ADHD May Mask Autism in Young Children

A study published online Sept. 14 and which will be published in the October journal Pediatrics showed that symptoms that were attributed to Attention Deficit Hyperactivity Disorder (ADHD) may conceal autism spectrum disorder in very young children. It took on average 3 years longer for children initially thought to have just ADHD to get an autism diagnosis.

According to Dr. Amir Miodovnik, a developmental pediatrician at Boston Children’s Hospital , “three years is a significant amount of time for the kids to not be receiving therapy.”1 For the study, the researchers looked at data on nearly 1500 children with autism that were part of the 2011-2012 National Survey of Children’s Health. The survey asked parents whether their children were diagnosed with ADHD or autism and at what age the children were at diagnosis. Approximately 43% of the kids had the dual diagnosis.

The study found that more than 40% of the children diagnosed with ADHD and autism had the ADHD diagnosed first. A majority—81%–of the kids initially diagnosed with ADHD were diagnosed with autism after age 6. Children diagnosed with ADHD first were 17 times more likely to be diagnosed with autism after age 6 than those children diagnosed with only autism. The children first diagnosed with ADHD also were 30 times more likely to receive an autism diagnosis after age 6 than children who were diagnosed with ADHD and autism at the same time or initially diagnosed with autism and received an ADHD diagnosis later.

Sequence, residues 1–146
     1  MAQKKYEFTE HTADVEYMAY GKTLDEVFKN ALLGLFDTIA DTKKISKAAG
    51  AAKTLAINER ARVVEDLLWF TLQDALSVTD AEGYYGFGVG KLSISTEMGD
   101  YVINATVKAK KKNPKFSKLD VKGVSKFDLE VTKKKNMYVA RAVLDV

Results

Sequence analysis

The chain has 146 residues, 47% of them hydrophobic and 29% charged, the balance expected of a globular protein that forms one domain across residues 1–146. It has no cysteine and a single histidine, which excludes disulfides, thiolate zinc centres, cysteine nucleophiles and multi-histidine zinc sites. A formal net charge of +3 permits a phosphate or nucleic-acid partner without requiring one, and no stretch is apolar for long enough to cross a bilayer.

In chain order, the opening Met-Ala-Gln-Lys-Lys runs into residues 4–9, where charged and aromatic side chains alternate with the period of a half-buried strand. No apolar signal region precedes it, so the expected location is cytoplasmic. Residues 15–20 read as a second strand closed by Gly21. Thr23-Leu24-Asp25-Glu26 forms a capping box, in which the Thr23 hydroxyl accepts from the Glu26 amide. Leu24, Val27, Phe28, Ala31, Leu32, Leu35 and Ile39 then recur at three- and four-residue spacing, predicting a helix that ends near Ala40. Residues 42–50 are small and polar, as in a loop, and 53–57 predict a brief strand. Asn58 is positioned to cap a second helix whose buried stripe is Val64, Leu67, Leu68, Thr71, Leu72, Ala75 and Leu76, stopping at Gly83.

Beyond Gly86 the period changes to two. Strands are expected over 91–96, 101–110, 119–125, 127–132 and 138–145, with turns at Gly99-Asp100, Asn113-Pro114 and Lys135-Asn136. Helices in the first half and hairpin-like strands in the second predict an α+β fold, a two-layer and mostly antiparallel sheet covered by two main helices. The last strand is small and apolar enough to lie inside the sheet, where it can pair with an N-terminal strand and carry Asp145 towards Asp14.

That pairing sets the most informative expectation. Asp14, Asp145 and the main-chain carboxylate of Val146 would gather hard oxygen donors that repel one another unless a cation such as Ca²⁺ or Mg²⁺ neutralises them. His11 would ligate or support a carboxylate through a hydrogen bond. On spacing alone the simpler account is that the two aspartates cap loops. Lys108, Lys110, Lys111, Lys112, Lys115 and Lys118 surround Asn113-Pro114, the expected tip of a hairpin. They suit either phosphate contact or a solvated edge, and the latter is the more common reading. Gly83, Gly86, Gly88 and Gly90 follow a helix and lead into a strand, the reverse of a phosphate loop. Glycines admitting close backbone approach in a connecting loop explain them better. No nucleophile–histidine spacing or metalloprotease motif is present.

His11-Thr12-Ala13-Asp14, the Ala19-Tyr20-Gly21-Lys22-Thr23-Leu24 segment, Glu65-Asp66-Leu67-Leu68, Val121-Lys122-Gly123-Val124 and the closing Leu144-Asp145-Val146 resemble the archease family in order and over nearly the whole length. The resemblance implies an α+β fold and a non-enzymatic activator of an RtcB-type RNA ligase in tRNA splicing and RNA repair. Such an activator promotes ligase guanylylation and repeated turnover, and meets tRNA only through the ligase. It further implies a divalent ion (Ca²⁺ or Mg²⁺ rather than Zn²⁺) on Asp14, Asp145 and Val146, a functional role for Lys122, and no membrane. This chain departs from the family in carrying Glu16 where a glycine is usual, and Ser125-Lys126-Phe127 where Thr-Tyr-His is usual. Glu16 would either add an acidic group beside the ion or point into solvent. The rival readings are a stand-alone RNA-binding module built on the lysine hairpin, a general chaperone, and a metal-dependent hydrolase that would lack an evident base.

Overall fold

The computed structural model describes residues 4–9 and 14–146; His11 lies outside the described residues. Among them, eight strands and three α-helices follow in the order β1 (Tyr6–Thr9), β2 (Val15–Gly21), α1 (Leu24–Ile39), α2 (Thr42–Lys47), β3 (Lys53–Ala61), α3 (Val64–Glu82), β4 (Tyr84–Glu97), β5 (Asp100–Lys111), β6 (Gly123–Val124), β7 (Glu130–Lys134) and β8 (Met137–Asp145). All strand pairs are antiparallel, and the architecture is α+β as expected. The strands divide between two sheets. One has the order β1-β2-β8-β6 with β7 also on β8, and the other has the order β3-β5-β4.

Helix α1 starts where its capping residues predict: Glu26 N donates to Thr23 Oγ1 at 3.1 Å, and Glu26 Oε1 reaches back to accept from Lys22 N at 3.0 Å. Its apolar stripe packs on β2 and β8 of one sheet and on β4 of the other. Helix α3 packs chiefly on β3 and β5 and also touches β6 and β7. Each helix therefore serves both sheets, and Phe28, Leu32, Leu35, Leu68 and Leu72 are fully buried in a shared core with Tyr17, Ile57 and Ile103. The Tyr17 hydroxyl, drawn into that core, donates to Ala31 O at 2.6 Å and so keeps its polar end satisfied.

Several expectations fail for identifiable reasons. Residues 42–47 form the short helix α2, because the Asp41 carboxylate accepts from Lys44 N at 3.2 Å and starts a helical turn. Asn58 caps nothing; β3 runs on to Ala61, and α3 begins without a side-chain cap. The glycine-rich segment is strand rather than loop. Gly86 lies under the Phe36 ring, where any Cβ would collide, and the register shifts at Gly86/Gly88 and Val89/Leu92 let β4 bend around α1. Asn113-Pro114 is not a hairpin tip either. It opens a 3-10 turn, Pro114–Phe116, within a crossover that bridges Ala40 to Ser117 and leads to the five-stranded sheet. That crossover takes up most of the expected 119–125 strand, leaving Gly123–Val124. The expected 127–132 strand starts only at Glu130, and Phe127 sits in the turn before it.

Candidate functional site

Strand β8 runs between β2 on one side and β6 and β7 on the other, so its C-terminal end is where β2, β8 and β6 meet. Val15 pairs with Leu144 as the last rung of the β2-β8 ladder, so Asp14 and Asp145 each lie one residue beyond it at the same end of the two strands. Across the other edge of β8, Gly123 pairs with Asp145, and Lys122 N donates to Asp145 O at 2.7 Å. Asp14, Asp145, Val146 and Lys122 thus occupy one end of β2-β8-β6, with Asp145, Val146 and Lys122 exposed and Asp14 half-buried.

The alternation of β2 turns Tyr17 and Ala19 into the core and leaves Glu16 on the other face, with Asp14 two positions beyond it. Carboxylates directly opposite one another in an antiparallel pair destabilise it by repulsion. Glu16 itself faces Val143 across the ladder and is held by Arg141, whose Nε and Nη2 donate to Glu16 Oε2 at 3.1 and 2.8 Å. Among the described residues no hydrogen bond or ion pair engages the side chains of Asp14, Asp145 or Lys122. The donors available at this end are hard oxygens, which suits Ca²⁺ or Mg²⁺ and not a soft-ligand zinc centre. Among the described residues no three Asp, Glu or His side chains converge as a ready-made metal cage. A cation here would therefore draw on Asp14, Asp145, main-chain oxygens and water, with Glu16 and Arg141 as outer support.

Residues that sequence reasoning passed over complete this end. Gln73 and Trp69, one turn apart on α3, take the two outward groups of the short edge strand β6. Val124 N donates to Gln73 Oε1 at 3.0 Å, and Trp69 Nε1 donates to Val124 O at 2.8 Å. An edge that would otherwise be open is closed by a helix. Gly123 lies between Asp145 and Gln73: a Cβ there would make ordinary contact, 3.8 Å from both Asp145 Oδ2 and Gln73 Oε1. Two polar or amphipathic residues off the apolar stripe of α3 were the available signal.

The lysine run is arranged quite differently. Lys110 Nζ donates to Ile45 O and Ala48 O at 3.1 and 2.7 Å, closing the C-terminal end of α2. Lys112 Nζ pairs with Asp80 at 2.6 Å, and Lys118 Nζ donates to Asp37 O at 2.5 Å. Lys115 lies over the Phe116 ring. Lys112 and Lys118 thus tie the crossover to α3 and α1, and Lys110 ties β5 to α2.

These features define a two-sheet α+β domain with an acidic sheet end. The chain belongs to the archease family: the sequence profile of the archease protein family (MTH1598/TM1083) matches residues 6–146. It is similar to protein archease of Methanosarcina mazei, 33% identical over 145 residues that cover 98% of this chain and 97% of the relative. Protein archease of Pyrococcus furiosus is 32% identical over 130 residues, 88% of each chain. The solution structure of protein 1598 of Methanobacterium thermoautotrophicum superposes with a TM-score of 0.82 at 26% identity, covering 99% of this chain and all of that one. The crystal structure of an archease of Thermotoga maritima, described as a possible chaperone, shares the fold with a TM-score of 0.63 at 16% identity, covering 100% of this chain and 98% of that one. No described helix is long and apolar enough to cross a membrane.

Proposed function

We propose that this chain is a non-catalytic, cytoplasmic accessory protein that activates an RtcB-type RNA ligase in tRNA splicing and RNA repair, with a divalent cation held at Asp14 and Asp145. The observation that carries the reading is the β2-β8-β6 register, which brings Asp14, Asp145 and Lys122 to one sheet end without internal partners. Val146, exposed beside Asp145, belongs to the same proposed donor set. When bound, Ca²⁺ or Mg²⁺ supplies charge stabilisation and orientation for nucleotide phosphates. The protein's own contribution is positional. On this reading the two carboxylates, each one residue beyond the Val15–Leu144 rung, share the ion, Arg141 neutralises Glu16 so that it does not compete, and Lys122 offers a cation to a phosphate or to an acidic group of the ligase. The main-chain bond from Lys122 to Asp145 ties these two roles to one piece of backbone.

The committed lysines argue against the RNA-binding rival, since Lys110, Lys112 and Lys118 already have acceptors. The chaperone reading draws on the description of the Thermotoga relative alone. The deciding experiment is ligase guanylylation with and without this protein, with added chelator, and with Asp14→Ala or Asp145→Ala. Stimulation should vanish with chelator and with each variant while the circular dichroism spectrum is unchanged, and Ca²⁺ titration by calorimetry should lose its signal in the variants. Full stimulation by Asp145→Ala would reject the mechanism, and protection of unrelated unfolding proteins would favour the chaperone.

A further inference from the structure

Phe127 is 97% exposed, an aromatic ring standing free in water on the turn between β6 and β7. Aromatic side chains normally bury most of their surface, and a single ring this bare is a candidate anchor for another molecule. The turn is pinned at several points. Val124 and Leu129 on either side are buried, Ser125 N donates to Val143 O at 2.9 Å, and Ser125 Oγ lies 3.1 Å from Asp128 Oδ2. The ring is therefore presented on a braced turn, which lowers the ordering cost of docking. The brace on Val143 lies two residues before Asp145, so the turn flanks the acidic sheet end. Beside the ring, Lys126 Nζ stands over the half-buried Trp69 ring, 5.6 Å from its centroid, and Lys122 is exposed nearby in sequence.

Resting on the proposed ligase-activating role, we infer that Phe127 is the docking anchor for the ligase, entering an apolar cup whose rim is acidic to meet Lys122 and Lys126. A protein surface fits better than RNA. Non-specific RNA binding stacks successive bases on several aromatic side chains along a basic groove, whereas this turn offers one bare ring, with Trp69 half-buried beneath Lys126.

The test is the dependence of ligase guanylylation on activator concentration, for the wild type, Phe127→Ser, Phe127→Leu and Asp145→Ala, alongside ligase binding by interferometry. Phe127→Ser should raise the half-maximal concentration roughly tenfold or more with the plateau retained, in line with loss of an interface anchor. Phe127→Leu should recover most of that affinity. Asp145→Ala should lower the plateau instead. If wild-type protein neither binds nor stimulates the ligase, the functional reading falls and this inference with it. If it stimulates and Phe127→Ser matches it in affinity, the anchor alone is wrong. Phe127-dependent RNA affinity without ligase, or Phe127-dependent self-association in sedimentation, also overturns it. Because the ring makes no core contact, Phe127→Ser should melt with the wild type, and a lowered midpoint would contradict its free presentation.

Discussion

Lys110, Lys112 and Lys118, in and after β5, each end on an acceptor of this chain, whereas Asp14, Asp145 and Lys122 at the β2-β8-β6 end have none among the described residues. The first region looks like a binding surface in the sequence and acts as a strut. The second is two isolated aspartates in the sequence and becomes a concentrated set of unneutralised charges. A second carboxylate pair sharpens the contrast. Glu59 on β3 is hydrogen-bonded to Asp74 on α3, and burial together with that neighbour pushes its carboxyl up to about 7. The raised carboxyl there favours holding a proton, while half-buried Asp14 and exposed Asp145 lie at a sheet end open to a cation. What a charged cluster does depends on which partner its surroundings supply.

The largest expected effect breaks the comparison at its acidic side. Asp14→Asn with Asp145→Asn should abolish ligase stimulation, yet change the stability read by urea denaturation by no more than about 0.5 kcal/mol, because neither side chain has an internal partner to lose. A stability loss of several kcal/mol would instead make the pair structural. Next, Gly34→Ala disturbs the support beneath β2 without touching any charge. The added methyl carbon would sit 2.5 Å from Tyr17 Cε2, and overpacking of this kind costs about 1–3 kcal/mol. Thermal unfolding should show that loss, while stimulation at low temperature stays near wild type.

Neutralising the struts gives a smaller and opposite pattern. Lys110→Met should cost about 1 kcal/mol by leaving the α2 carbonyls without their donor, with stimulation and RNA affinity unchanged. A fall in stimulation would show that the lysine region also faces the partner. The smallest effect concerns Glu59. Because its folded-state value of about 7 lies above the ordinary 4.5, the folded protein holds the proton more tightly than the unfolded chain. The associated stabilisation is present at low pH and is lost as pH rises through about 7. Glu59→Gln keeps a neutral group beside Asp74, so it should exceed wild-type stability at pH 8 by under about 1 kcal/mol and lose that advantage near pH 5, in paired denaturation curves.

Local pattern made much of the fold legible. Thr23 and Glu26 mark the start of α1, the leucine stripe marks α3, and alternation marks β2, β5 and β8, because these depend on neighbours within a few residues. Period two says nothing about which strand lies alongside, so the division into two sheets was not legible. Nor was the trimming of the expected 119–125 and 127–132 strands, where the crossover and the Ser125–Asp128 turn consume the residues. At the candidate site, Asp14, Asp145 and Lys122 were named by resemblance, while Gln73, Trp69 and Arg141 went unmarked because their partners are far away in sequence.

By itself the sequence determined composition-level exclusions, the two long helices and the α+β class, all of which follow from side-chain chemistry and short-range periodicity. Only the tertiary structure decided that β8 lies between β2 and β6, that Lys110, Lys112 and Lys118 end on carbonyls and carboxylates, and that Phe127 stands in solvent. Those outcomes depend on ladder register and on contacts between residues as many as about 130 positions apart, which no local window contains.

Dr. Miodovnik concludes that “parents who believe a child younger than 5 has ADHD should take their child to a developmental pediatrician, rather than a family physician, to make sure that possible autism will not be overlooked. “ He further stated that if a parent “suspects ADHD in very young children, it’s probably best for them to be evaluated by a specialist, partly to not miss a diagnosis of autism, and also because managing a child with ADHD can be complicated.”1

Such is the case (only with worse delays) in my own family. I did not get an autism diagnosis until age 40 and I got an ADHD diagnosis a few years earlier. My daughter got an ADHD diagnosis at age 6—though the symptoms were apparent a year or two earlier. The autism was diagnosed at age 7 ½ and only because the new psychiatrist I brought her to for ADHD meds recognized the autism in both of us.

Source: 1 http://www.nlm.nih.gov/medlineplus/news/

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